Whether it was too windy or not cold enough, the sea smoke wasn’t very impressive but the dawn was. Winter Island is gated so you would have to walk in about 3/4 of a mile. Normally I wouldn’t consider this but I drove out anyway. I found the gate was open! So I drove in and parked at the waters edge. I also got a shot of the sun directly behind the lantern room of the lighthouse (click the link) and this is the shot of the sea smoke from the waters edge.
Derby Wharf Lighthouse, Salem Maritime NHS
The last time I tried this was Valentines Day last year. Temps were forecasted to be critically low and the real temp might break -5(F). This time I wanted to get a shot of Derby Wharf Lighthouse. As a National Park Ranger at Salem Maritime during the summer, I see Derby Wharf Lighthouse in all sorts of weather.
I’ve shot Derby Wharf Lighthouse in summer, in autumn with the fall colors and now in winter with dramatic sea smoke floating above Salem harbor. I choose my location based on a simple fact. Everybody who photographs Derby Wharf Light, stands on Derby Wharf to get it. I went to Shetland park and drove through to the parking lot for the registry of deeds. I used The Photographer’s Ephemeris which tells me where to stand to get the sun or moon rising or setting behind a certain object.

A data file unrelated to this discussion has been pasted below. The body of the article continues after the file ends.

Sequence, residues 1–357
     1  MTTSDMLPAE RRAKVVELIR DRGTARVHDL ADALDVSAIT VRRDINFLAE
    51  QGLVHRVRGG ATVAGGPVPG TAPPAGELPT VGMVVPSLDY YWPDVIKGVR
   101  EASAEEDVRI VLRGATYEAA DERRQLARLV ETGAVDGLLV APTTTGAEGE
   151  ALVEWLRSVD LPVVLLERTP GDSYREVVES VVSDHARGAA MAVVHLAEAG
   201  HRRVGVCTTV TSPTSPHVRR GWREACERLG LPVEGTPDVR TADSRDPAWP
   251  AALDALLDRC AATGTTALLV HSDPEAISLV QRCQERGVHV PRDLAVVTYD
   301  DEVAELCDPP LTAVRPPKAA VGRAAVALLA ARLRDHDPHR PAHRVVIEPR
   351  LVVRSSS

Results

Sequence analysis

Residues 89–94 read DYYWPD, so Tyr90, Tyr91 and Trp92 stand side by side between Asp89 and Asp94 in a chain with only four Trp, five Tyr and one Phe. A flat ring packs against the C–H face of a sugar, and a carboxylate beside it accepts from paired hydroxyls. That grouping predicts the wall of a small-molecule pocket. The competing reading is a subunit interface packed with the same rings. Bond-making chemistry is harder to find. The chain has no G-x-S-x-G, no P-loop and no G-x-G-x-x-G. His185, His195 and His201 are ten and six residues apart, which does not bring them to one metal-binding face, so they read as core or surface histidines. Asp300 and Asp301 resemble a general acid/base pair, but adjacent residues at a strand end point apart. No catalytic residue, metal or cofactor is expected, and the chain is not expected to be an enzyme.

Today the object was Derby Wharf Lighthouse with the sunrise coming up behind the lighthouse and over Marblehead. I didn’t want to stand there too long waiting for the sun to rise so I waited as long as I could and then climbed to the top of the bank. The sky was still blue, thus why photographers call this the blue hour. But I could see hints of rose developing in the clouds.
The sun actually moves quite quickly when it’s crossing a stationary object such as scenic landscapes. So from the time the edge of the sun glinted above the clouds till it was completely above them was just minutes in time. I know from experience I have to work quickly. I picked up the camera and tripod changing the scene by moving my feet. I recompose the image and shoot some more frames and move again.
Note* Once the sun is mostly clear of the clouds, you can’t shoot with it in the frame. The sun will cause the foreground to darken and be useless. So I start looking around for other objects to catch in the morning light. I packed up after subjecting my fingers to -9(F) temps and I think I came close to doing damage to them. They were sensitive for weeks afterward.
The final Danger is getting carried away
Getting carried away with a shot no one had ever gotten of Derby Wharf Lighthouse (at least I’ve never seen it), so I stayed out in the cold longer than I should have.
To answer the question was it worth it?
I didn’t lose my fingers and better still, I entered that image in the National Park Services, Share The Experience, photo contest.
Out of all the images entered by National Park Rangers in the country, my image of Derby Wharf Lighthouse was one of ten finalists. I’ll find out in May if it gets selected as the Grand Prize winner.
So Yes I would say it was worth it…